Crystal structure of the Kar3-like kinesin motor domain from the filamentous fungus Ashbya gossypii.Duan, D., Hnatchuk, D.J., Brenner, J., Davis, D., Allingham, J.S.
(2012) Proteins 80: 1016-1027
- PubMed: 22493778
- PubMed Abstract:
Kar3 kinesins are microtubule (MT) minus-end-directed motors with pleiotropic functions in mitotic spindle formation and nuclear movement in budding and fission yeasts. A Kar3-like kinesin is also expressed by the filamentous fungus Ashbya gossypi, w ...
Kar3 kinesins are microtubule (MT) minus-end-directed motors with pleiotropic functions in mitotic spindle formation and nuclear movement in budding and fission yeasts. A Kar3-like kinesin is also expressed by the filamentous fungus Ashbya gossypi, which exhibits different nuclear movement challenges from its yeast relatives. Presented here is a 2.35 Å crystal structure and enzymatic analysis of the AgKar3 motor domain (AgKar3MD). Compared to the previously published Saccharomyces cerevisiae Kar3MD structure (ScKar3MD), AgKar3MD displays differences in the conformation of some of its nucleotide-binding motifs and peripheral elements. Unlike ScKar3MD, the salt bridge between Switch I and Switch II in AgKar3MD is broken. Most of the Switch I, and the adjoining region of helix α3, are also disordered instead of bending into the active site cleft as is observed in ScKar3MD. These aspects of AgKar3MD are highly reminiscent of the ScKar3 R598A mutant that disrupts the Switch I-Switch II salt bridge and impairs MT-stimulated ATPase activity of the motor. Subtle differences in the disposition of secondary structure elements in the small lobe (β1a, β1b, and β1c) at the edge of the MD are also apparent even though it contains approximately the same number of residues as ScKar3. These differences may reflect the unique enzymatic properties we measured for this motor, which include a lower MT-stimulated ATPase rate relative to ScKar3, or they could relate to its interactions with different regulatory companion proteins than its budding yeast counterpart.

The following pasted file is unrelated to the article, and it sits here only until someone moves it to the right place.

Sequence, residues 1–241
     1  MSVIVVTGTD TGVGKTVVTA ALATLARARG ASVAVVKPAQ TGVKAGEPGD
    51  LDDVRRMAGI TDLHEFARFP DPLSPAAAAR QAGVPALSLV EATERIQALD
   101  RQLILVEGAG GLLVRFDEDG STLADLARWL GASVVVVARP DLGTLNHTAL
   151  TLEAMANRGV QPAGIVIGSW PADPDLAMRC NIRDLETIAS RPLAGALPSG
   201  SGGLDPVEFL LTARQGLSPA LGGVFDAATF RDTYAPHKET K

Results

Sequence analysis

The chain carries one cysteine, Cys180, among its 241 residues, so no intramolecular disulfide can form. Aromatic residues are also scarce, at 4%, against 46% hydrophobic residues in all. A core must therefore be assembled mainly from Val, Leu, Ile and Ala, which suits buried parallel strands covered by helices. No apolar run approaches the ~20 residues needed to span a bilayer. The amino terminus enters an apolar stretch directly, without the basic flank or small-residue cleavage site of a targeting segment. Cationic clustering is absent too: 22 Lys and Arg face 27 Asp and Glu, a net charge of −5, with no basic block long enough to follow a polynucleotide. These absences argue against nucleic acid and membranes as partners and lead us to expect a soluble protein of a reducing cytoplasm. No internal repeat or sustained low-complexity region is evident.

Department of Biochemistry, Queen’s University, Kingston, Ontario, Canada.